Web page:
Zero Emissions Day is an annual global environmental campaign to reduce the burning of fossil fuels. Every year on 21 September, people, organisations and communities around the world commit to reducing their emissions. The campaign has been running since 2008, when the website “A Global Moratorium on Fossil Fuel Combustion” was launched to raise awareness about the burning of fossil fuels and what each individual can do to conserve this finite resource. The main focus of Zero Emissions Day is to stop burning gas, oil or coal, minimise or stop using electricity from fossil fuels and instead opt for clean and renewable energy sources such as solar and wind.
Electricity from fossil fuels is now the single largest source of air emissions and, according to Cambridge University Press, the source of two thirds of global greenhouse gas emissions. Fossil fuel combustion thus actively contributes to air pollution, smog, acid rain and has a direct impact on climate change. In addition to environmental risks, air pollutants also adversely affect global health and are linked to serious health risks and diseases such as respiratory problems and increased risk of cancer.
EMAS can help organisations drive systematic change by reducing or eliminating fossil fuels on a large scale in a number of ways. Emissions are one of the key environmental core indicators included within EMAS. EMAS organizations are required to consider (air) emissions in their overall environmental performance. Already during the initial Environmental Review, EMAS organisations are requested to examine in detail their activities in terms of air emissions, among other things. EMAS makes it a condition of registration within the scheme that environmental performance is continuously monitored and improved. Reporting on core performance indicators is an obligation.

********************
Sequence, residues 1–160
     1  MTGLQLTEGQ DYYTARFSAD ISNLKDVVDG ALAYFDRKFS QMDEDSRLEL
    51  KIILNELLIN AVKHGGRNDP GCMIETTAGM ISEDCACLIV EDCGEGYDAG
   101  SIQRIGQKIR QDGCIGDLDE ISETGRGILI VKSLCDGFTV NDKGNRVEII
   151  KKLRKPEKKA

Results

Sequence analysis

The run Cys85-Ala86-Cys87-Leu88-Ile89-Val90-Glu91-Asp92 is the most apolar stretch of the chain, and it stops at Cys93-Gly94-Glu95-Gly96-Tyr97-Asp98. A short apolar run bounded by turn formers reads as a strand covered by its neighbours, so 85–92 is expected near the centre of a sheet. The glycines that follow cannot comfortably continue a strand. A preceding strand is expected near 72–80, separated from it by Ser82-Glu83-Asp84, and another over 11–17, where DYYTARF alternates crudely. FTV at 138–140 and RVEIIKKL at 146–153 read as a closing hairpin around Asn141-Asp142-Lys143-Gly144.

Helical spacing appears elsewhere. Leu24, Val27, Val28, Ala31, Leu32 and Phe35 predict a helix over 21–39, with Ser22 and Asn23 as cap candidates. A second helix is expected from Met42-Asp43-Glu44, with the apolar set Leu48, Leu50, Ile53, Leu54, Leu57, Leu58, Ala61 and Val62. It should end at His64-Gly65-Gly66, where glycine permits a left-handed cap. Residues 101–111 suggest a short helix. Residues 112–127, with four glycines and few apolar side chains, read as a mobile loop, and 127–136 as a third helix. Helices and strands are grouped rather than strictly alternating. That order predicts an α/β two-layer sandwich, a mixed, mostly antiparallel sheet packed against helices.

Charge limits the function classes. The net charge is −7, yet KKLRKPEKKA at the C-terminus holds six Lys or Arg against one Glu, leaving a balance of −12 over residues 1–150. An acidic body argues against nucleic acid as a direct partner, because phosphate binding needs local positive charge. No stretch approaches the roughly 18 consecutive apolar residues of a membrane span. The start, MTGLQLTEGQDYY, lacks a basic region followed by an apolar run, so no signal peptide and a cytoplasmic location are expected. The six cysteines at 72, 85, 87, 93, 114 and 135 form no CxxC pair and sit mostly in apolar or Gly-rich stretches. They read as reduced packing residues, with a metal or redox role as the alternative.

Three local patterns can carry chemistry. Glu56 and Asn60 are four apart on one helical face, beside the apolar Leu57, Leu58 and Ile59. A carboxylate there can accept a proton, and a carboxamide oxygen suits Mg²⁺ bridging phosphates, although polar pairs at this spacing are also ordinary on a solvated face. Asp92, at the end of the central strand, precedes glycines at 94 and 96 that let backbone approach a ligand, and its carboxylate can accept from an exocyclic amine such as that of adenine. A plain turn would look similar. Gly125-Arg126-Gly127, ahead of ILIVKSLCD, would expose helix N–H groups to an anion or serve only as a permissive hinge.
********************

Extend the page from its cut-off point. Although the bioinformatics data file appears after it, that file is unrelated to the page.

In return, organisations are provided with a clear path to continuous improvement, e.g. by facilitating the setting of clear objectives, targets, policies and procedures, by helping organisations to measure their environmental impacts, and by requiring organisations to report on their activities annually. In this way, EMAS contributes to building an organisational structure in which environmental activities are geared towards higher performance, transparency and responsibility.
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